Synthesis and Characterization of Thermoplastic Agro-polymers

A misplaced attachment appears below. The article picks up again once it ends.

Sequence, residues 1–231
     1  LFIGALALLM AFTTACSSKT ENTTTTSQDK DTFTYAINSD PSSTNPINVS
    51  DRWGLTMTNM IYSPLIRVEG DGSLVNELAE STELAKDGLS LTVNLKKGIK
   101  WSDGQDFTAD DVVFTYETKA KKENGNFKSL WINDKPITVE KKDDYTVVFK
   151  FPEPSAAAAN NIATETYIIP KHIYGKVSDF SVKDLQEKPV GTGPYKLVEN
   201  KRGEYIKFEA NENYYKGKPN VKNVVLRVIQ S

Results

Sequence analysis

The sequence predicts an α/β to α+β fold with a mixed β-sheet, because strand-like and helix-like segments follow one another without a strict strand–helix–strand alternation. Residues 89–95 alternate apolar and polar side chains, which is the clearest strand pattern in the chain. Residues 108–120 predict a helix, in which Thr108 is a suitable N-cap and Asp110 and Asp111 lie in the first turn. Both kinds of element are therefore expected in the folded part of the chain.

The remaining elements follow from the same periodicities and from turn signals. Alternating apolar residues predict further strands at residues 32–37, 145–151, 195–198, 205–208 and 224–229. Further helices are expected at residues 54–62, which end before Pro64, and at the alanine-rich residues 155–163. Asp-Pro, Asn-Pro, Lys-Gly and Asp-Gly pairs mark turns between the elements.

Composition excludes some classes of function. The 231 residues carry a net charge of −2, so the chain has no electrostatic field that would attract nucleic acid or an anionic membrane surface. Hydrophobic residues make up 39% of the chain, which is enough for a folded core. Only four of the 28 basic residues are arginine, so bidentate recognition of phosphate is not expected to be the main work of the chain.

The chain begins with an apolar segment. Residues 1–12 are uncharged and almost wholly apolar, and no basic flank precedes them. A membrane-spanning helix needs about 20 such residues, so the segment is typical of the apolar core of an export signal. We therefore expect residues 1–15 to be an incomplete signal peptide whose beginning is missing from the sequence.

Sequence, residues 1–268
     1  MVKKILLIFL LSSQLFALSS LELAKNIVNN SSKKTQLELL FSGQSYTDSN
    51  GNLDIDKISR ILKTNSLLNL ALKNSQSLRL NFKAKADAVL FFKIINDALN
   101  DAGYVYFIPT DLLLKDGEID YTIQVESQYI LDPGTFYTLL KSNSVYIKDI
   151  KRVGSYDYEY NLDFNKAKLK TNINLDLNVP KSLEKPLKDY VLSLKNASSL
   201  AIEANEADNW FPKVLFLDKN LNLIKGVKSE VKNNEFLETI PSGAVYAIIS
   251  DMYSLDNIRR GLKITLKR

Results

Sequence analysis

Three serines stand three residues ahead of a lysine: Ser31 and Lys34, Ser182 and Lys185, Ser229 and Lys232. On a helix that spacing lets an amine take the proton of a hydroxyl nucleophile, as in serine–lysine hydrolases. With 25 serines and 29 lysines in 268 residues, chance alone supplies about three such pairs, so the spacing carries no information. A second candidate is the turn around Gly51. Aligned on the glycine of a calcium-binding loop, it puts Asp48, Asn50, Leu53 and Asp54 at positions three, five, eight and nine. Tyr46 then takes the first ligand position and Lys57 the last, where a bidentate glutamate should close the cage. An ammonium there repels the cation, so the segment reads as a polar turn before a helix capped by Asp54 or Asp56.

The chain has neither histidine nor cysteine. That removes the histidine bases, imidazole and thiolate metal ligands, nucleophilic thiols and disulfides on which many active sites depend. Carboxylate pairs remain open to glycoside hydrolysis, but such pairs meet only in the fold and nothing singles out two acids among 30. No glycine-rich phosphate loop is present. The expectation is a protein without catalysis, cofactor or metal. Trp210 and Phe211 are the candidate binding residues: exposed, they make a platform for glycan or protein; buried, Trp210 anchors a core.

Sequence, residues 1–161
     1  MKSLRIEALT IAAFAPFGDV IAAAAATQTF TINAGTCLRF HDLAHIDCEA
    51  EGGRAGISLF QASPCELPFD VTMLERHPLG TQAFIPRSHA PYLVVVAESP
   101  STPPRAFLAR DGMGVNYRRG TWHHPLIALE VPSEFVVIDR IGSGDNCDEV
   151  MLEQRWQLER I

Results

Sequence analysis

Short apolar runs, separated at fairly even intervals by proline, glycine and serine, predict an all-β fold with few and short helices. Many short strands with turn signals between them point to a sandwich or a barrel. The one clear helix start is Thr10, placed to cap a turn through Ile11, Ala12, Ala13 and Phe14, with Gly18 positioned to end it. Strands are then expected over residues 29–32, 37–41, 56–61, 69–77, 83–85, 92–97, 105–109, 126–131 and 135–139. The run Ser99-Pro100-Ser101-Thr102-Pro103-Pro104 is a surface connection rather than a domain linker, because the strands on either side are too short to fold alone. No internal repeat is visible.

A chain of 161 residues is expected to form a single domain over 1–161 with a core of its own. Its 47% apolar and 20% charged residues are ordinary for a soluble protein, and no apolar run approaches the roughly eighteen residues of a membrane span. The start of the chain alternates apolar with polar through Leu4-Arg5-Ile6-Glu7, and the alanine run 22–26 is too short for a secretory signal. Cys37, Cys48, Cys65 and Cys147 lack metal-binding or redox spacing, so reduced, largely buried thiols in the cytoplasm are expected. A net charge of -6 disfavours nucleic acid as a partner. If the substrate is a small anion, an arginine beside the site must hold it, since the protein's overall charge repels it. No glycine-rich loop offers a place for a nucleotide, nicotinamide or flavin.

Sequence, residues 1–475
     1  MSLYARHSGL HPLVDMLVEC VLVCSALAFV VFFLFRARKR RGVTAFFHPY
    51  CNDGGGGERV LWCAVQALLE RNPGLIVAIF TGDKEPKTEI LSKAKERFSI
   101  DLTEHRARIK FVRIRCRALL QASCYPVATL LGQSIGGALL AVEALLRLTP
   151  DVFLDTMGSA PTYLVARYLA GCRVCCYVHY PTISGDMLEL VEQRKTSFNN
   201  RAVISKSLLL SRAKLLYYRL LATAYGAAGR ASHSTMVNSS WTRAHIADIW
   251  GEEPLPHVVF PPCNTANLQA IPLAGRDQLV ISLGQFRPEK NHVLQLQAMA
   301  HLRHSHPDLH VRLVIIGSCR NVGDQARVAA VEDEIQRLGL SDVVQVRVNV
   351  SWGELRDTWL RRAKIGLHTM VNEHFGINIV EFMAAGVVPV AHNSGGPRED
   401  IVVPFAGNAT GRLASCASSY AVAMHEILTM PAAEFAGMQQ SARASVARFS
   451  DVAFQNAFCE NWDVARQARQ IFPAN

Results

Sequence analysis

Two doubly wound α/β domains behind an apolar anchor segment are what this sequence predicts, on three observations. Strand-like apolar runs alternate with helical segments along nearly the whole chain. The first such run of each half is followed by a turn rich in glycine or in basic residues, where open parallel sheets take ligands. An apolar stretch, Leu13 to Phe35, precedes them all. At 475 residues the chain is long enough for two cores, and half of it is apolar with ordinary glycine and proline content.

Agro-polymers are produced by directly converting polymers from animal or plant matter into useful materials such as thermoplastics and thermosets. This chapter discusses the synthesis and characterisation of agro-polymers that exhibit thermoplastic properties. Synthesis of thermoplastic melts from biological macromolecules such as starch and protein normally requires water as a plasticiser. In the case of starch, water facilitates gelatinization of starch granules prior to thermoplastic processing, while for proteins the secondary and tertiary structure of proteins need to be disrupted and this is called denaturing. Additional plasticisers are used to improve processing for both materials by lowering the glass transition temperature and softening point. In the absence of plasticisers these are high relative to the degradation temperature, prohibiting processing. Water sensitivity is the most important characteristic of both thermoplastic starch and thermoplastic protein, caused by the many hydrophilic groups in their constituent monomers. Their mechanical and thermal properties are highly water dependent and change due to uptake or loss of moisture at different atmospheric moisture contents. This effect can be mitigated to a limited extent by choosing alternate plasticisers. Thermoplastic processing tends to increase the ordered beta sheet content of proteins, although this is not always the case. Thermoplastic starch has an amorphous structure immediately after processing but is known to retrograde. This is a time dependent recrystallisation which causes embrittlement. Agro-polymers’ mechanical properties are generally characterised as relatively poor when compared to synthetic engineering plastics. Regardless, these may be sufficient depending on their intended use in non-structural applications.